This is an interesting article on why Amazon started live streaming and why you should on your website too:techcrunch.com/2019/02/08/amazon-live-is-the-retailers-latest-effort-to-take-on-qvc-with-live-streamed-video/#:~:text=Amazon%20now%20aims%20to%20make,stream%20%E2%80%94%20and%20reach%20more%20shoppers.
An interesting article on "The Genius of QVC" www.theatlantic.com/magazine/archive/2010/06/the-genius-of-qvc/308091/
Have you seen the QVC TV channel before? It's where polished demonstrators show and explain products on live TV while encouraging the audience to buy. This is a good idea for websites because 90% of website visitors aren't ready to buy so it's good to take direct action.
One of the things all the products on QVC have in common is that they can be explained and shown. The channel works because viewers appreciate a good product demonstration where they can see the product differently than it's commonly seen on a static website.
The demonstrators come across as everyday people who are benefiting from the product and show it in a way where it becomes a must-have item.
Any website with visitor traffic could benefit tremendously from an expert presenter doing the same for their product. Pictures and descriptions are fine but today's shoppers trust live video to connect with a brand.
The best way to reduce shopping cart abandonment is to raise the desire for the product to a high point and ask for the sale on the spot.
Will you find a better time to sell your product other then when you ave a captive audience on your website? How do you do this?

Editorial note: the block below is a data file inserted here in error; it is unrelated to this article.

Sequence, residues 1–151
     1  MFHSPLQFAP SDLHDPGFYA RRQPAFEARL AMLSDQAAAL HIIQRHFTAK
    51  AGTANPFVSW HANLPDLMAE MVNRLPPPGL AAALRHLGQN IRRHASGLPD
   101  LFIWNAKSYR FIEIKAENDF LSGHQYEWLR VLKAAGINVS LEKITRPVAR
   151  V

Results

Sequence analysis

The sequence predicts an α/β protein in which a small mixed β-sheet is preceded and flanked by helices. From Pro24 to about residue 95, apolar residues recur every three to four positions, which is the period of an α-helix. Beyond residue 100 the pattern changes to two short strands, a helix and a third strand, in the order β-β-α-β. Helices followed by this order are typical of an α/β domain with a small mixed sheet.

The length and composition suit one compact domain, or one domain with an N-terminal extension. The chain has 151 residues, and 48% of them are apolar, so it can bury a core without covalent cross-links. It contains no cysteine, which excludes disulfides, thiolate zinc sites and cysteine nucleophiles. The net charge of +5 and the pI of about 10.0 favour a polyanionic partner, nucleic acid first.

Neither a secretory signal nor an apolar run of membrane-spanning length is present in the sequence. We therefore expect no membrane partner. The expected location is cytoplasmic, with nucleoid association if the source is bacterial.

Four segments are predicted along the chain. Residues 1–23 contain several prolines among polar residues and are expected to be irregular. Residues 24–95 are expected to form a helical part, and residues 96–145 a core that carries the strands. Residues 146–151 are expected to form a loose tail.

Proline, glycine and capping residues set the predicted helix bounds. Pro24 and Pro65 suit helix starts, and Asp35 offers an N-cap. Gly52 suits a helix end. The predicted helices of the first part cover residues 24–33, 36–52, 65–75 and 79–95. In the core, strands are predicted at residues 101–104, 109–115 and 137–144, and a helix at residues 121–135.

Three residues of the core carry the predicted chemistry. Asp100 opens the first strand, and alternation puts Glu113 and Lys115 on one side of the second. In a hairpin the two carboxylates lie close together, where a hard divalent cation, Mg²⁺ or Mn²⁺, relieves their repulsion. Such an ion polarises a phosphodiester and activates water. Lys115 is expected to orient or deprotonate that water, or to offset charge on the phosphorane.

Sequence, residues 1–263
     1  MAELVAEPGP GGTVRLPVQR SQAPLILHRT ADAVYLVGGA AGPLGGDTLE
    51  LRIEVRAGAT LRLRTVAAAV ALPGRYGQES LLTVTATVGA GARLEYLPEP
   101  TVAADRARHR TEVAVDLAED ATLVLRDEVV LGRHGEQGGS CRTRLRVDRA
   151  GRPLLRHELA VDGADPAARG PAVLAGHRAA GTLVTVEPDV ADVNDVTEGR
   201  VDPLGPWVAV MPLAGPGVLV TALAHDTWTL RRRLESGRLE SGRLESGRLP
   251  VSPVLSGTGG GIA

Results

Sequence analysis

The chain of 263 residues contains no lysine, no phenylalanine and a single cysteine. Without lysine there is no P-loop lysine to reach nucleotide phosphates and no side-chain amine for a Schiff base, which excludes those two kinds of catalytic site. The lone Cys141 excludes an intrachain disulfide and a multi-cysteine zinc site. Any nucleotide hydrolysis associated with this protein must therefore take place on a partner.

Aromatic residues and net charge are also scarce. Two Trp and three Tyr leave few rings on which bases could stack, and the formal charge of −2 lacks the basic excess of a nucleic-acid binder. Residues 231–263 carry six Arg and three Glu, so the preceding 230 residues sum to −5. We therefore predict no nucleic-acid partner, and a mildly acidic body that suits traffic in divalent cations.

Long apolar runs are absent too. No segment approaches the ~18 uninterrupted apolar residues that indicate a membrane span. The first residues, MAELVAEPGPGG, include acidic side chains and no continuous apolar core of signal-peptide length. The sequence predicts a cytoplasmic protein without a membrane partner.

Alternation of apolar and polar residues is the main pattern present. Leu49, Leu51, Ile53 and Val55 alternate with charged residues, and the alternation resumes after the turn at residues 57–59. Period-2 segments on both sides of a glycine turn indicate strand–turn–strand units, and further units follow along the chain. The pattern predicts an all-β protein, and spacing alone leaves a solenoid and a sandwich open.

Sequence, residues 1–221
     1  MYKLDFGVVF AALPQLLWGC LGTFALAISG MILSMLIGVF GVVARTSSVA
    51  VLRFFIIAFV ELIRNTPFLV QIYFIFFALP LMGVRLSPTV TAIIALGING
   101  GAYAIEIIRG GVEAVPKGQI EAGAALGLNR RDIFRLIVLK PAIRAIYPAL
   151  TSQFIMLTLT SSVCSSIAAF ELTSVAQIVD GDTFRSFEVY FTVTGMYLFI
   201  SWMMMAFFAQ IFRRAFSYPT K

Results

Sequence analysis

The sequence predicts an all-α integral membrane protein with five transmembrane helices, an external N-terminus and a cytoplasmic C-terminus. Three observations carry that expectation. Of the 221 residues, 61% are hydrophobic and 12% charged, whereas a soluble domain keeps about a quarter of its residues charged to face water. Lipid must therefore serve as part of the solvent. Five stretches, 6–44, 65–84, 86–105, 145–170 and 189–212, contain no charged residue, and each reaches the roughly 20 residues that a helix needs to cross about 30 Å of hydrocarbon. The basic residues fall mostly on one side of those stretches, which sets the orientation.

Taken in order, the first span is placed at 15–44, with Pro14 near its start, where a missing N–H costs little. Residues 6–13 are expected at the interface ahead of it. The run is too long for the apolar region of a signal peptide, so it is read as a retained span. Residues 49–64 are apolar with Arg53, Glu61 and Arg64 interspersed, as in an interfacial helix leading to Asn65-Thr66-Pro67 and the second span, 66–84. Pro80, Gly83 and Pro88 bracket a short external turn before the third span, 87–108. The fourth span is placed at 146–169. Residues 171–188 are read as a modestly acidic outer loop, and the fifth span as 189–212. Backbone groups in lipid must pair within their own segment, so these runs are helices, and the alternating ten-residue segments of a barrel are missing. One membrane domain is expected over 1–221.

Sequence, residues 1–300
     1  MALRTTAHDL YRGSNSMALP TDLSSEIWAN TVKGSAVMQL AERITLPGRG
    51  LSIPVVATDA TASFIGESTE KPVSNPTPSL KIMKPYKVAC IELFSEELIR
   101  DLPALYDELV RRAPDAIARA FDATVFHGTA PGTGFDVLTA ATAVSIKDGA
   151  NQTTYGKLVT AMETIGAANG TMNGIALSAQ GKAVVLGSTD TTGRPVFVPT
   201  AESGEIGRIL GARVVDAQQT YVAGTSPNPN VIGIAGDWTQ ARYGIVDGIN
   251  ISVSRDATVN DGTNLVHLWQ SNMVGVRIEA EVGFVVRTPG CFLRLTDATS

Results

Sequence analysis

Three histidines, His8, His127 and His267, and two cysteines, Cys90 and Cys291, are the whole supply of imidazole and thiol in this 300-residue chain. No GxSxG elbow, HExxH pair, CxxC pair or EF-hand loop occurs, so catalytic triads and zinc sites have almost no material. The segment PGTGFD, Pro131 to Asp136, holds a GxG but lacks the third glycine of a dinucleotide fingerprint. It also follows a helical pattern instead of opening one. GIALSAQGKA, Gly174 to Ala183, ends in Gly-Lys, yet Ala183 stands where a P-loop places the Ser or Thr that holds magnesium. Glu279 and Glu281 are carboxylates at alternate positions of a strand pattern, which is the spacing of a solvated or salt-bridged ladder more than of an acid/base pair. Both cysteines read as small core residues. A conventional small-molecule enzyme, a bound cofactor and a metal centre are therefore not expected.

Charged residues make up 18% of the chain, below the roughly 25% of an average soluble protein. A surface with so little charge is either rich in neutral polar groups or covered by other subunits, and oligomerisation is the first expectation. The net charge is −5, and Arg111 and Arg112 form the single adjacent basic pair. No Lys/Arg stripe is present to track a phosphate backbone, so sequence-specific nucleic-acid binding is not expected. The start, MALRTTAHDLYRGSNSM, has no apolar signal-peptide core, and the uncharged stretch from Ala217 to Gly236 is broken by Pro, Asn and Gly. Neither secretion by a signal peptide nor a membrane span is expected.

Simply have a good product demonstrator constantly live-stream your product and have show and sale moments on your ecommerce shop. This is a straightforward solution to a simple problem.
It's very simple. In a brick-and-mortar store, people can feel, touch, and try products. You have to give them a similar experience online if you want to delight customers. When people can see your product in action, in real-time before they buy they will be more certain of what they are getting.
When customers put your product in their cart, they are worried they may be underwhelmed when they get it so they change their minds. This is where some cart abandonment comes from.
Customers return things because pictures and descriptions can only go so far to help them to understand your product. Many products are a great fit for being demonstrated during a live stream a few times a week.
Live streaming also increases revenue because you can close the sale live and it reduces cart abandonment. Contact a team member for more context.
You increase ecommerce sales by showing customers what they need to see in order to feel comfortable to buy your product. The focus should be talking to them about how they want to feel, and doing this live builds trust. People trust live streams because they can see it's not a doctored experience. It makes them think to themselves that they can trust what they see.
What you want is for the customer to imagine using your product while making an emotional connection with them, and removing doubts about your product.
Focus on how your product will make them feel and how it will benefit them. It's like the famous saying "it’s safe to say that nobody wants a quarter-inch drill. They want a quarter-inch hole."
The power of online streaming allows you to talk about what your customer is interested in and show them the product in action. This is why infomercials are so effective, they paint a clear picture in the customer's mind about what they are getting.
A product demo should be persuasive, entertaining, and simple.
I can tell you it's not paying for more marketing if you already have good traffic! That's like a lion trying to hunt a gazelle by just running it down until it collapses. To increase conversion rate you have to do something that directly affects sales.